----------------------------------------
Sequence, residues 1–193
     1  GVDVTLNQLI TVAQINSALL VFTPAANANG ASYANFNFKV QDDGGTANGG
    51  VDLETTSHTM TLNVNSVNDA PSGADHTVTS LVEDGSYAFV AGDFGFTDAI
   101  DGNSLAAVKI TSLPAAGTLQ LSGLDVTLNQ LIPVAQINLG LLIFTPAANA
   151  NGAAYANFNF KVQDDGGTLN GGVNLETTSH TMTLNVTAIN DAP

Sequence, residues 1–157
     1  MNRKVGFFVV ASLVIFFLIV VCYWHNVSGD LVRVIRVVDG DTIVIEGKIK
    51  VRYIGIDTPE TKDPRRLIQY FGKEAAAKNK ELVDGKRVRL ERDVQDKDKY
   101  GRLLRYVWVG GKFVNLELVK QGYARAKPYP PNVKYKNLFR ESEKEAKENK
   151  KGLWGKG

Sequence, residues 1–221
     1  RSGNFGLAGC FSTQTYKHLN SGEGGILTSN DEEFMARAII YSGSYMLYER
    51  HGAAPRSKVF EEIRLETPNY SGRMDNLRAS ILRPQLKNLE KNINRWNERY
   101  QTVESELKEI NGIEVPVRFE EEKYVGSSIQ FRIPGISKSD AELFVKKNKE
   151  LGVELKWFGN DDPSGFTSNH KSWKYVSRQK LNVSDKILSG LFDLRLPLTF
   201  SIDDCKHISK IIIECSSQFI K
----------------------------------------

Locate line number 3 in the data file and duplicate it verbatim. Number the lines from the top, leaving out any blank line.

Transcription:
    51  VDLETTSHTM TLNVNSVNDA PSGADHTVTS LVEDGSYAFV AGDFGFTDAI